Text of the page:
By Lethbridge Herald Opinon on January 10, 2020.
Reducing red tape
in order to boost productivity is a key focus of government
As we begin a new year and a new decade, I, like many others, sit down and set goals and priorities for the year and years ahead. What should I aim to achieve as an individual and as your representative for Lethbridge-East? What can I control, and what is outside my sphere of influence?
Having pondered these questions, I have resolved to move ahead on at least two initiatives:
1. Further independent study of economics and economic policies of government; and,
2. Better presentation of the principals and underlying beliefs for arguments put forward in the Legislature.
As I began this study over the holidays, I learned that the primary determinant of a population’s standard of living is productivity. More than any other single factor, the increased ability to produce goods and services per hour of worker activity leads to an increased standard of living. A higher standard of living would be a very worthy achievement for anyone living in Alberta, so what can I do to help increase that productivity or reduce constrictions to that productivity?
I believe this is one of the reasons why our government has chosen to focus so strongly on red-tape reduction. Eliminating red tape (areas where the government has made it more difficult to produce goods and services without cause) will make it faster and easier for individuals and businesses to get their goods to market, while also reducing costs, an added benefit for consumers.
Incentive is another significant part of the equation. Governments often impact incentive by trying for a “bigger piece of the pie,” and unintentionally becoming a DIS-incentive to business. It may seem counter intuitive at times, but governments often chase investment away and lose tax revenue when they increase tax rates. Using the incentives of profit and co-operation to attract investment, while boosting our Alberta economy, are the underlying principals behind the Job Creation Tax Cut. This benefit to investors took another step forward on Jan. 1, reducing the corporate tax rate from 11 to 10 per cent.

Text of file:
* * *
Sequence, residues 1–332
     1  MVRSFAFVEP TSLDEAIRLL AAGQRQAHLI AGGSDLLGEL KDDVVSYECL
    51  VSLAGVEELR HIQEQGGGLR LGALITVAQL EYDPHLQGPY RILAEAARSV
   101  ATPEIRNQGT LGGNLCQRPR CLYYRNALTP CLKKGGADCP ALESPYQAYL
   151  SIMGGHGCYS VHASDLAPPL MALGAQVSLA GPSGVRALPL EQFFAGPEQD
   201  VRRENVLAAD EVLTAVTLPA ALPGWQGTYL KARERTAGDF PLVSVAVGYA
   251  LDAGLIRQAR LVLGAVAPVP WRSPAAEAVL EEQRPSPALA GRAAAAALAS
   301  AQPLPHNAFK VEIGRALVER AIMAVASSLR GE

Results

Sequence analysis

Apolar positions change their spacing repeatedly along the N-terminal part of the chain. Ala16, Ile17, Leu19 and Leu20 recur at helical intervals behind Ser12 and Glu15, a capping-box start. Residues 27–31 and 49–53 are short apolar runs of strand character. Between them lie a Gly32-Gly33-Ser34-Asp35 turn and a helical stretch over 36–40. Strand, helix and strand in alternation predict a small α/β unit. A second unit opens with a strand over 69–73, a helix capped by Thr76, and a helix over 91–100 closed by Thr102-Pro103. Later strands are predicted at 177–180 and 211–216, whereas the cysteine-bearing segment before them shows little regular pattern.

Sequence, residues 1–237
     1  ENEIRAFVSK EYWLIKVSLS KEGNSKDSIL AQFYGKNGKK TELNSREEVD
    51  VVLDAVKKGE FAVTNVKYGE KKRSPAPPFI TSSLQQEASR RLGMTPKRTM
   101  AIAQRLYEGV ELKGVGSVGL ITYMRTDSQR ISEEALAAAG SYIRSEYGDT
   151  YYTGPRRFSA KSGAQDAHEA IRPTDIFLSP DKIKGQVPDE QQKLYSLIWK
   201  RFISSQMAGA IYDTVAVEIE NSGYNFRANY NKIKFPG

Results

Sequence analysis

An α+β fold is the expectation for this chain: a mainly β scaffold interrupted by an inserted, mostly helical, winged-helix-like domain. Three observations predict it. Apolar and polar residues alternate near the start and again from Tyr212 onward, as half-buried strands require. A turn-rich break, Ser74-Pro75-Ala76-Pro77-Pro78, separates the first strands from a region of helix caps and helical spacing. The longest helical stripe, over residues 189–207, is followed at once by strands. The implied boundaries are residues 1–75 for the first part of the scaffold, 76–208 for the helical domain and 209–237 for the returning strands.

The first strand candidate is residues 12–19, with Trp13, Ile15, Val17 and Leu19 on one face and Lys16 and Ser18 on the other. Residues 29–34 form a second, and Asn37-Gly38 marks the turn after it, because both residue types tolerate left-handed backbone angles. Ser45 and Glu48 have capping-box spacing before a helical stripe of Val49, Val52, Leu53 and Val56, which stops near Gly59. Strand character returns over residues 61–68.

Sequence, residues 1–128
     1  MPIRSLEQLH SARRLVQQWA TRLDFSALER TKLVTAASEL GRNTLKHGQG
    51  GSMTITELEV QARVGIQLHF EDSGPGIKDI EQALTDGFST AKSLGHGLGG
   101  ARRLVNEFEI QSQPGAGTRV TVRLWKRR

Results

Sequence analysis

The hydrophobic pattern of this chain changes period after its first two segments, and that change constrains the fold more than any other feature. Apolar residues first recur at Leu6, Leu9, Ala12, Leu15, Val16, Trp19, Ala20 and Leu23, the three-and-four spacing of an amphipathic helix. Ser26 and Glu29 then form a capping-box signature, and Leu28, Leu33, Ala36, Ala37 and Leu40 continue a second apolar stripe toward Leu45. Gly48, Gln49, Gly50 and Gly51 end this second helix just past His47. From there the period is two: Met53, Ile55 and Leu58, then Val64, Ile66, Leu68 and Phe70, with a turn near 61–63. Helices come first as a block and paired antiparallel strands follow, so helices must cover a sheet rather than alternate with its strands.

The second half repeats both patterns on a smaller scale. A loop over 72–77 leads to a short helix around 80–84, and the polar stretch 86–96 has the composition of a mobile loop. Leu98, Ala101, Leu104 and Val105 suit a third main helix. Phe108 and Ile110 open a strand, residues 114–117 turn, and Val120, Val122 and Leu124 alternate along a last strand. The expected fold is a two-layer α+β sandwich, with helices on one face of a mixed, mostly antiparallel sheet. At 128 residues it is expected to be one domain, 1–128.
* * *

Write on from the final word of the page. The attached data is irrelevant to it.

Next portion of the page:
One last item that contributes significantly to productivity is technology. Innovation, skills and the best tools and processes available are all critical factors in our ability to produce anything well. This is why we chose to fund our Technology, Innovation and Emission Reduction program through the large emitters and opted-in facilities carbon tax in Bill 19. Not only will this investment drive research and ideas forward to make us more productive, but it will also further our commitment to the highest levels of environmental standards in our oil and gas industry.
As I look forward to the year ahead, I see a lot of work to do, a lot to learn, and many important issues to represent. I truly have my work cut out for me to “learn and to do” my goals. I also hope all of you have a happy, successful and prosperous new year!
Nathan Neudorf is the UCP MLA for Lethbridge East. His column appears monthly.